Under the current contract teachers are subjected to a multi-tier pay system based on their category: “resident,” “professional” or “expert.” In lieu of regular pay raises based on seniority, levels of education and other factors, the district has paid out one-time bonuses or stipends if students report that their learning conditions have improved in an annual survey or educators receive advanced licenses.

According to the CTU, the district has reneged on the Cleveland Plan’s commitment to give teachers “credits toward increases in their base pay for meeting goals for their school.” The union says the district is also not paying higher base salary for “contractually-agreed items like teaching in hard-to-fill jobs or undesired schools; completing pre-approved courses and training that directly affect teaching; and taking steps to develop as a mentor and leader,” according to the Plain Dealer.

The Cleveland Plan called for teacher pay to be “based on performance,” making the district the only one in the state that does not pay according to years of service, education and training. The district only increases salaries when teachers earn strong ratings on their annual evaluations, which combine classroom observations by principals or other test-based evaluations, which supposedly rate how much students learned under each teacher in the course of a school year.

As in other school districts, teachers are being scapegoated for the impact of poverty—all 39,000 CMSD students qualify for free or subsidized meals because of chronic poverty—and decades of school closures.

The CTU and other unions offer no way forward for a struggle against these conditions. They are closely wedded to the Democratic Party and the entire political establishment and only look to be a “partner” in corporate-backed school “reform” and overseers in the impoverishment of their own members.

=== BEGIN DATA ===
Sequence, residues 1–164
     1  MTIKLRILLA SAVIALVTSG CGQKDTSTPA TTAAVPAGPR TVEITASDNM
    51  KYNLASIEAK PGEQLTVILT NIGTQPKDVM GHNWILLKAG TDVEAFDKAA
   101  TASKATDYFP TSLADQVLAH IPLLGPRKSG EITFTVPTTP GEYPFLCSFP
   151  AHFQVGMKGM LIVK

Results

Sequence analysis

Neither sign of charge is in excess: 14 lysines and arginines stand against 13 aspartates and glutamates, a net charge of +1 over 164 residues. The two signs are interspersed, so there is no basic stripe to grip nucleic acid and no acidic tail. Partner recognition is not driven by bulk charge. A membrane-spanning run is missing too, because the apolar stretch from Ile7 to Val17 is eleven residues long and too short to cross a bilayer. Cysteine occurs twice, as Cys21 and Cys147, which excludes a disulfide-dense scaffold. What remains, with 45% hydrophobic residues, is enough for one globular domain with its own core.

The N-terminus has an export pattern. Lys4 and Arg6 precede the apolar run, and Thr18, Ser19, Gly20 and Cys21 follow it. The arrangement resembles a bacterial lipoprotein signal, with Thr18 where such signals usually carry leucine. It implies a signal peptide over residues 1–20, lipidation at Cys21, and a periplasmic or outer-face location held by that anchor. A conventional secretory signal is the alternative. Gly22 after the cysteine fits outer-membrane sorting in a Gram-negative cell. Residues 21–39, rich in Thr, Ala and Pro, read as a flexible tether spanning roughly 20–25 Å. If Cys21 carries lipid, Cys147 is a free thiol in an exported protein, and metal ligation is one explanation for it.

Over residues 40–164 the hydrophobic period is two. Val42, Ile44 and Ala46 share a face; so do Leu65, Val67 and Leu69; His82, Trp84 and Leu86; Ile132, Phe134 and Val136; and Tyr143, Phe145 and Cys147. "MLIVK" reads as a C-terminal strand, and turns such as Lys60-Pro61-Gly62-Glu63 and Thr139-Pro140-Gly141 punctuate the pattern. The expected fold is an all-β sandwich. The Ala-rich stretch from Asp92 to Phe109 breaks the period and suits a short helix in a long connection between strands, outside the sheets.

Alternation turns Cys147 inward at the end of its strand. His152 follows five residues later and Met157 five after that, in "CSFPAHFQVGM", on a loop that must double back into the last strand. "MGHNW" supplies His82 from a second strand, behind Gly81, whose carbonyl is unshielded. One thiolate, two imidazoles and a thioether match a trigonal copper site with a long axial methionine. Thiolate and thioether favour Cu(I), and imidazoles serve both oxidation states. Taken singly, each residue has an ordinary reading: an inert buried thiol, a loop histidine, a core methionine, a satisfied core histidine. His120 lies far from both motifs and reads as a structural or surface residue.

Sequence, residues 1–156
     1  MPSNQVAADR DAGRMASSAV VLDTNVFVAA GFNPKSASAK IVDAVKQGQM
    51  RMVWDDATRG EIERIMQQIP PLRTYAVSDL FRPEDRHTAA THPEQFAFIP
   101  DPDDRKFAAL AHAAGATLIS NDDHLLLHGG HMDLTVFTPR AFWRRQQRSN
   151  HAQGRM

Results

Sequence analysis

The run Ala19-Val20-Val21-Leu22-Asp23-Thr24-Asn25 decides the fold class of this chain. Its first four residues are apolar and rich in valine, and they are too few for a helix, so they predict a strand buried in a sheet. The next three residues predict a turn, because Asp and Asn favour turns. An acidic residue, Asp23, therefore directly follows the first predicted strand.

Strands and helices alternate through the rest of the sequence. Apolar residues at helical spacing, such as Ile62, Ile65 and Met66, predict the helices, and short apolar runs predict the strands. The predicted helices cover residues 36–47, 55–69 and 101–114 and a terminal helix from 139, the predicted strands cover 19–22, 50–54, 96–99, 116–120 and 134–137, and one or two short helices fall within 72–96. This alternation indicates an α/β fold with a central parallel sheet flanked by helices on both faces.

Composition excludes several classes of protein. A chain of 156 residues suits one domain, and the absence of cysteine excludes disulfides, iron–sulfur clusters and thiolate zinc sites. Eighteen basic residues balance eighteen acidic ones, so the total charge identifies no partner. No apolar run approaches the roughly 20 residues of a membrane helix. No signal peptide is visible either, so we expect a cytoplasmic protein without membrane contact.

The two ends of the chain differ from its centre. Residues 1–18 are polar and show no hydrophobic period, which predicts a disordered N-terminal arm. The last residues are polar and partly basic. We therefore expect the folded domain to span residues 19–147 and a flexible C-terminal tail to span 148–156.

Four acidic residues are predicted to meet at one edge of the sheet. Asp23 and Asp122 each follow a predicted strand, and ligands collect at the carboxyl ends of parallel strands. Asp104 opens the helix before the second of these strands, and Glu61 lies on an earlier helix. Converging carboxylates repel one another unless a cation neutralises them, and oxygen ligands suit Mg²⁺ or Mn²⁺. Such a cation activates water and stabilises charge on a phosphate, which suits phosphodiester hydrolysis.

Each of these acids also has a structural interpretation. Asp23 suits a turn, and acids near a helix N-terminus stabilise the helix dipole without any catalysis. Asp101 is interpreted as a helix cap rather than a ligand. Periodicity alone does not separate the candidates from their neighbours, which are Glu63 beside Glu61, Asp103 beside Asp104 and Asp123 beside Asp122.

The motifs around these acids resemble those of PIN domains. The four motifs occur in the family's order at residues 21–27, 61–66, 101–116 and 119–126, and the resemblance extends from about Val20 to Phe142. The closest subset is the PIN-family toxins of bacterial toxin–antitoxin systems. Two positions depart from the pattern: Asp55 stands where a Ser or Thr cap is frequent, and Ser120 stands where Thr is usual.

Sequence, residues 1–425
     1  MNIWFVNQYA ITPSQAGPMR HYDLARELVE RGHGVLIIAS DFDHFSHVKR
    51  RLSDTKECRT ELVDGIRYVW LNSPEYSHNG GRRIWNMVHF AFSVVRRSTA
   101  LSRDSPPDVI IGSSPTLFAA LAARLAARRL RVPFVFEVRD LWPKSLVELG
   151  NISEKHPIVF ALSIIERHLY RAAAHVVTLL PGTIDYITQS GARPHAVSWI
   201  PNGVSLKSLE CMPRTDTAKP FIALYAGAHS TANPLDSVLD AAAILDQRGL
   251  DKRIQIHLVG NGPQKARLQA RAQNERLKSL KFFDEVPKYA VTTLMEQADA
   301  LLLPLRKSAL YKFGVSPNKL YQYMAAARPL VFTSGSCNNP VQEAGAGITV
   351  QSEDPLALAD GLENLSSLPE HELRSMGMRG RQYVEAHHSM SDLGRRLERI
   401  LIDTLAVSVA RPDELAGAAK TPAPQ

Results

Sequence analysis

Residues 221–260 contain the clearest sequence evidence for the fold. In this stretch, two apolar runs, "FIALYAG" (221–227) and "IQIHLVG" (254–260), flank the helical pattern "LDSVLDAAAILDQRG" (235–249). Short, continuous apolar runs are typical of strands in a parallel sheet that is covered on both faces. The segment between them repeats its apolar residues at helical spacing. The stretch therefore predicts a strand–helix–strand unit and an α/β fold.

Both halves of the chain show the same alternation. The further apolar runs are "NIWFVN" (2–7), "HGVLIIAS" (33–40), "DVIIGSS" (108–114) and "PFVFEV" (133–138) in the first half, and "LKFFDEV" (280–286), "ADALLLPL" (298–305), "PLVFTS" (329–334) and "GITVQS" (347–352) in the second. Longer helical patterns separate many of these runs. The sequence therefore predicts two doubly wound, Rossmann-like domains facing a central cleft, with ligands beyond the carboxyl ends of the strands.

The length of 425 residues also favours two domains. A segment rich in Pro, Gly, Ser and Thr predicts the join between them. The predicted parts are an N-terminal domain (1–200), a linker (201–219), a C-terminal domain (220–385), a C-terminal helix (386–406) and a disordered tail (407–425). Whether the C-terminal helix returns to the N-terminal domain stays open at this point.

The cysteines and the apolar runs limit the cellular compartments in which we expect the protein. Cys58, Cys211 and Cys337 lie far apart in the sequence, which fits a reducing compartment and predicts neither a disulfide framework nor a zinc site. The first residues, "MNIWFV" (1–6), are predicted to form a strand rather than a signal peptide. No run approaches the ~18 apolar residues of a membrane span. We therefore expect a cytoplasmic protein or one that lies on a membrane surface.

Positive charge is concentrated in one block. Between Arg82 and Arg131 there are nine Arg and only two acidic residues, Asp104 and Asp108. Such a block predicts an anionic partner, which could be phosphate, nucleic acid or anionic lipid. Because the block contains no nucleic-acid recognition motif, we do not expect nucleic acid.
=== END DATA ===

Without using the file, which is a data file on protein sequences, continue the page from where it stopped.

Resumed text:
The 2013 contract called for “joint union and district committees to work out details of the [compensation] plan,” according to the Plain Dealer.

The dispute between school officials and CTU executives largely hinges on how to define and reward “performance.” Quolke claims that the CTU “would not have agreed to the Cleveland Plan without assurances that other factors, not just ratings, would be part of the new compensation system.”

Denying the obvious, Quolke said, “We did not agree to a merit pay system. They (the district) agreed to a system that they have flat-out not built out. They have broken their promise to the community and they broke their promise to the legislature.”

Making it clear that the CTU would not fight the systematic starving of the public schools, Quolke added, “Money’s really not the issue at the table. It’s how we are living up to the promise of the Cleveland Plan.” The union president said he hoped the issues could be resolved quickly so the union could “begin working to pass the Cleveland school levy,” i.e., a renewal of the regressive tax increases.

The collusion of the CTU with the corporate political establishment underscores the need for Cleveland teachers to take the conduct of this struggle into their own hands through the election of rank-and-file committees to mobilize the working class against the bipartisan assault on public education.